The day before my departure, I decided to partake in this ancient spa ritual. Starting in the hararet – hot room – a mixture of olive oil, lime, salt and herbs was applied to my skin. The high humidity allowed the mixture to penetrate. Next, my body was vigorously scrubbed by an attendant. I was then showered with buckets of hot water which were warm and soothing. Remaining in the hararet, a mixture of rose petals, herbs and mud were applied to the skin. Relaxing in the warm steam, I felt the benefits of the mixture soften and rejuvenate my body. When the attendant returned, more buckets of hot water washed my skin clean and silky smooth. My spa treatment was concluded by a relaxing soak in the Roman Bath while enjoying some traditional Moroccan mint tea.

My last evening at Dar Liqama, I relaxed on the roof-top terrace. I looked past the bouquet of red and pink roses to the salmon-colored walls of the terrace across the red sandy landscape and to the pink sky of the sunset. I marveled at the beauty and tranquility of this “Red Rose of Arabia” – Marrakesh.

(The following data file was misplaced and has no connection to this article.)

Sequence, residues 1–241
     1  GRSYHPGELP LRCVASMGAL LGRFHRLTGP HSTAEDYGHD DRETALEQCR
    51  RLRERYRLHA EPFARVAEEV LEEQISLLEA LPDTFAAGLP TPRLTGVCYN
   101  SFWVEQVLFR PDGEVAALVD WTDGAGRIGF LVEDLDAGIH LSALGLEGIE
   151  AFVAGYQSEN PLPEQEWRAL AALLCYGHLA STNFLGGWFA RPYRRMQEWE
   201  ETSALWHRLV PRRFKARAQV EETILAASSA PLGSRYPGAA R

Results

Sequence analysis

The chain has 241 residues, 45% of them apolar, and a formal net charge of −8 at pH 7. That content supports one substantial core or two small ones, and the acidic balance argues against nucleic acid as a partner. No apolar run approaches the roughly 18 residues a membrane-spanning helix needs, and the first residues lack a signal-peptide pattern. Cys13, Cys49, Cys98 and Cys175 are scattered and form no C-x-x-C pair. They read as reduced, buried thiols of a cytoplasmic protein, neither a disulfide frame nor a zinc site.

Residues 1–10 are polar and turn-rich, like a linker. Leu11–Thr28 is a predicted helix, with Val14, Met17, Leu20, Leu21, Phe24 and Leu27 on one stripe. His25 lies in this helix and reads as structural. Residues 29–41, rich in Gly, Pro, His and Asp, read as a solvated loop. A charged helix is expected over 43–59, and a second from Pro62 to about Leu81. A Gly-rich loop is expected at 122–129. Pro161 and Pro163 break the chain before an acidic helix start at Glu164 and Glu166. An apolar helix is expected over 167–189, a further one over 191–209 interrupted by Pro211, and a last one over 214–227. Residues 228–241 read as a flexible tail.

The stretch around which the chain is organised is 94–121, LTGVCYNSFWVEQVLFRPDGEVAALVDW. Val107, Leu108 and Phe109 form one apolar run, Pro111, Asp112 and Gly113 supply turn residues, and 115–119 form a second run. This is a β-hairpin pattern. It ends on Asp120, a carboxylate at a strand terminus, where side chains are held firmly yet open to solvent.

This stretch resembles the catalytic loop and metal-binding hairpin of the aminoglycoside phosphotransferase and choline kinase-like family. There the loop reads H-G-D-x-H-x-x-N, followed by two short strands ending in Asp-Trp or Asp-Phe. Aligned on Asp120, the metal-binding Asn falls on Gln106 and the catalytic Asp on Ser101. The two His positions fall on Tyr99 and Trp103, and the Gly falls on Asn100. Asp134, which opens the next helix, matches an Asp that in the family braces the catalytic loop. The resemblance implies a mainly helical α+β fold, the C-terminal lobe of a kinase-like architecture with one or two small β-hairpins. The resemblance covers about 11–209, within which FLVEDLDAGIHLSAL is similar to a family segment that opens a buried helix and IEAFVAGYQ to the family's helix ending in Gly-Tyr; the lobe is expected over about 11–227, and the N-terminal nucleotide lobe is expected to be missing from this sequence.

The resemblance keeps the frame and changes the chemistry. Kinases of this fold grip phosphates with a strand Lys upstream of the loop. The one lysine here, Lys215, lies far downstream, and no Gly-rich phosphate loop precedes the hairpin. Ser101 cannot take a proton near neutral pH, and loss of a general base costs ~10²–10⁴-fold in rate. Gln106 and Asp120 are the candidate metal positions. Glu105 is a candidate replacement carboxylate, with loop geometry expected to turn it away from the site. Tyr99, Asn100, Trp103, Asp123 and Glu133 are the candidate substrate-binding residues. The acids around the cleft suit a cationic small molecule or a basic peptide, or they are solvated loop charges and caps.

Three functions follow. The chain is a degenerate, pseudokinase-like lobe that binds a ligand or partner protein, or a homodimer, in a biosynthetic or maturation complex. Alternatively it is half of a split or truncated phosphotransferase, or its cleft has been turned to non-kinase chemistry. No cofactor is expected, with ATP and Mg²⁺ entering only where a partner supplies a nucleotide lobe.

For reservations at Dar Liqama and Dar Louisa please call: +44 20 7193 1221 or US toll free at 1-888-254-1070 or e-mail:

Category Placement: This property was chosen for the Family Focused Category due to the spacious size, numerous bedrooms and in home entertainment areas. This property would also be well suited for the category of Unusually Unique and Romantic Vacation Rentals.

Comments Welcome: Make a comment below (our writers work hard…give them some love!) on any of our Live Reviews by Travel Writer Cindy White, Liz Manduca, Emily Yurgesen, Deborah Nelson, or Renee Fontaine, and get a FREE Digital version of The Vacation Rental Travel Guide when it is hot off the press!